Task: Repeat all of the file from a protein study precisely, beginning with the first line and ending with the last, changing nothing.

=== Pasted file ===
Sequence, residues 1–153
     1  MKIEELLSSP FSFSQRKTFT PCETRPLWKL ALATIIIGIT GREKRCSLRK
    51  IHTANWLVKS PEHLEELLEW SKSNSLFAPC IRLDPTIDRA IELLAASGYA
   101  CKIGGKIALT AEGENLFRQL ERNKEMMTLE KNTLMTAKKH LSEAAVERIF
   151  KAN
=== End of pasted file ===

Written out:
Sequence, residues 1–153
     1  MKIEELLSSP FSFSQRKTFT PCETRPLWKL ALATIIIGIT GREKRCSLRK
    51  IHTANWLVKS PEHLEELLEW SKSNSLFAPC IRLDPTIDRA IELLAASGYA
   101  CKIGGKIALT AEGENLFRQL ERNKEMMTLE KNTLMTAKKH LSEAAVERIF
   151  KAN